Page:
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Lifespan Human Development PSY 223

Lifespan Human Development PSY 223

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Lifespan Human Development PSY 223

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  1. Dr. Nicole Alea Lifespan Human Development PSY 223 MTWR 10:15-12:20 SB 106

  2. Syllabus & Course Materials available online at: http://people.uncw.edu/alean/PSY223.htm

  3. Lifespan human development A field of study that aims to understandconstancy & change in physical, cognitive, social, & emotional factors throughout the lifespan.

  4. What do you think? • Development is continuous, gradual progression, with new abilities, skills, & knowledge gradually added at a relatively uniform pace. OR • Development occurs at different rates, alternating between periods of little change and periods of abrupt, rapid change.

  5. Basic issues • Continuous or discontinuous development? Qualitative – new skills emerge at particular periods Quantitative - adding on more or more complex skills

  6. What do you think? • Humans everywhere follow the same general sequence of development. OR • Each human passes through a unique course of development.

  7. Basic issues • One course of development or many? • Universal – basic process for everyone; differences are simply variations in basic process • Context-specific-unique process for everyone; differences result from different environments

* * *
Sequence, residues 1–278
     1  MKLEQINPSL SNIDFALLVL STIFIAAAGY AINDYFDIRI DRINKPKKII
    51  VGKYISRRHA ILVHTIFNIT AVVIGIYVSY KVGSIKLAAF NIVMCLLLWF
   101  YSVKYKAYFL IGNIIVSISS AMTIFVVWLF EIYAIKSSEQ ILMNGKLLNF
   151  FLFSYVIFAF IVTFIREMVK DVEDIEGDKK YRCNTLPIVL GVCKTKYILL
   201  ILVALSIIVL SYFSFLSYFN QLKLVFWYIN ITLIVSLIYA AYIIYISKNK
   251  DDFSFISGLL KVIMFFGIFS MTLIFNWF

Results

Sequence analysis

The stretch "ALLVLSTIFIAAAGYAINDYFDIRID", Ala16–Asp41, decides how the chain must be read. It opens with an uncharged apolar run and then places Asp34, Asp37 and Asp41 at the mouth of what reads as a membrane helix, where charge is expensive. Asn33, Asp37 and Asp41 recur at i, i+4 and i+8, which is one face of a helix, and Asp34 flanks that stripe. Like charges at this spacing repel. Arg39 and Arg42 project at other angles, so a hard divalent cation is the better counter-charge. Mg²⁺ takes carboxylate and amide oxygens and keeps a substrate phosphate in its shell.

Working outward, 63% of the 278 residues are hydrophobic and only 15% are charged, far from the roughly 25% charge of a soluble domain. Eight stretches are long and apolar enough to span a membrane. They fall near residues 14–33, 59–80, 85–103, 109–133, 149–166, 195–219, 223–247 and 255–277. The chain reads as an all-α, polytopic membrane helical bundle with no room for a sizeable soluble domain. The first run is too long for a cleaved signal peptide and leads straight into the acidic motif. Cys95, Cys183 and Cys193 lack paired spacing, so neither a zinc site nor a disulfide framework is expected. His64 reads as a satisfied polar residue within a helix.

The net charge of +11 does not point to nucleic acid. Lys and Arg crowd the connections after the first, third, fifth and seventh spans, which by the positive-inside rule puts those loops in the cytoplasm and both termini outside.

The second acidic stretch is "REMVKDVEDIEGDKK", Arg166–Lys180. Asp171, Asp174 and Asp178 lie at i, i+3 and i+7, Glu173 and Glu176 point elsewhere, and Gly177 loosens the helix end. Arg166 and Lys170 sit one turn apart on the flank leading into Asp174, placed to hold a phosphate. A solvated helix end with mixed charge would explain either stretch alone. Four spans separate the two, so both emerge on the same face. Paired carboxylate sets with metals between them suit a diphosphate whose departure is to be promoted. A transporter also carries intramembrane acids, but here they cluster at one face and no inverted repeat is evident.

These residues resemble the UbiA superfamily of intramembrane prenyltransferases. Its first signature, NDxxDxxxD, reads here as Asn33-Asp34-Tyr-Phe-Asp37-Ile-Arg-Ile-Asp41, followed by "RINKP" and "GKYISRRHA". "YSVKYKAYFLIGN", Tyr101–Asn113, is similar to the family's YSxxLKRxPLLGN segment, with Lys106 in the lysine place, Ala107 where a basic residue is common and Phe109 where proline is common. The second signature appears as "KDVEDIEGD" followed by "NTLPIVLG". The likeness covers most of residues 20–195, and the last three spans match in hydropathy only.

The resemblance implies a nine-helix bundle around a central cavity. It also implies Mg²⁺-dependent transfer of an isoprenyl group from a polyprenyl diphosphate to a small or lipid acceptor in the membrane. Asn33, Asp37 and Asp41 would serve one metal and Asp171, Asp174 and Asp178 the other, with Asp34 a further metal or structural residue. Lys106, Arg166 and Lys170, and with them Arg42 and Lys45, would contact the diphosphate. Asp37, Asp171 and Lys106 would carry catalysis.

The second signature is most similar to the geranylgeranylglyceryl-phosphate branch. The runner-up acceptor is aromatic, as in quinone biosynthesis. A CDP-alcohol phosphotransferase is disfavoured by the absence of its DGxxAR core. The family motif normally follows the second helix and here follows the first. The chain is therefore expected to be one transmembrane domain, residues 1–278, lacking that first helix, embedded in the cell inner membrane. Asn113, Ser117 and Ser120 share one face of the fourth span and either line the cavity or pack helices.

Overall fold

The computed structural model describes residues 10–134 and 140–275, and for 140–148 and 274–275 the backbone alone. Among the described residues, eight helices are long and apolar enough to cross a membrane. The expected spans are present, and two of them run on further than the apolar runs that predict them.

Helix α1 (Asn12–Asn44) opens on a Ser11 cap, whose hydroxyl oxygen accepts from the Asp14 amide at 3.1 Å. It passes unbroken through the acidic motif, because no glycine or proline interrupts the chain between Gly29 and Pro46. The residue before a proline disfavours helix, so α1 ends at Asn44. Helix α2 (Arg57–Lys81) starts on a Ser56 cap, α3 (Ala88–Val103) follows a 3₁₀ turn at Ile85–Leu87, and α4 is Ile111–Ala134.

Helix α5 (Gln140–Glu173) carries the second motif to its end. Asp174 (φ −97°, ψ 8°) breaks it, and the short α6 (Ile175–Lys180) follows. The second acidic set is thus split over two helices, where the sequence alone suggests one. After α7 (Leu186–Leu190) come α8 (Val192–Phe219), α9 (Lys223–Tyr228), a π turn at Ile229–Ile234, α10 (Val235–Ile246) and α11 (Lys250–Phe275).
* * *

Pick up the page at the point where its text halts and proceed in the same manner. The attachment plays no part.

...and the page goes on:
8. What do you think? • Human intelligence is determined almost exclusively by genetic factors. OR • Human intelligence is largely the result of experiential factors.

  9. Are kids born bad? Basic issues • Nature or Nurture? • Nature – human development is biologically (genetically) determined • Nurture - the physical and social environment influence human development • Contemporary developmental psychologists say “both”

  10. When do humans stop developing? • Traditional population pyramid: more children & young • Projected population pyramid: equal young & old

  11. Lifespan Perspective Paul Baltes (1987) Max Planck Institute for Human Development http://www.mpib-berlin.mpg.de/ **Table 1.5: Major Theories of Human Development**

  12. Prenatal Conception to birth Infancy & toddlerhood birth – 2 years Early childhood 2-6 years Middle childhood 6-11 years Adolescence 11-20 years Early adulthood 20-40 years Middle adulthood 40-60 years Late adulthood 60 years-death Development as lifelong(**Table 1.1**)

  13. What abilities increase with age? What abilities decline with age?

  14. Multidirectional & multidimensional • Multidirectionality: decline & growth at allpoints in lifespan • development doesn’t occur in one direction • ratio shifts with age

  15. Gains > Losses Losses > Gains ratio between gains & losses shifts across lifespan

  16. Multidirectional & multidimensional • Multidirectionality: decline & growth at allpoints in lifespan • development doesn’t occur in one direction • ratio shifts with age • Multidimensionality: pattern of decline & growth varies across & within domains

  17. gains & losses depend on domain Emotional understanding Vocabulary Memory Ability to learn foreign language

  18. Plasticity • Humans have a range of functioning • Natural occurring plasticity through compensation • Plasticity through training • Less plasticity with increasing age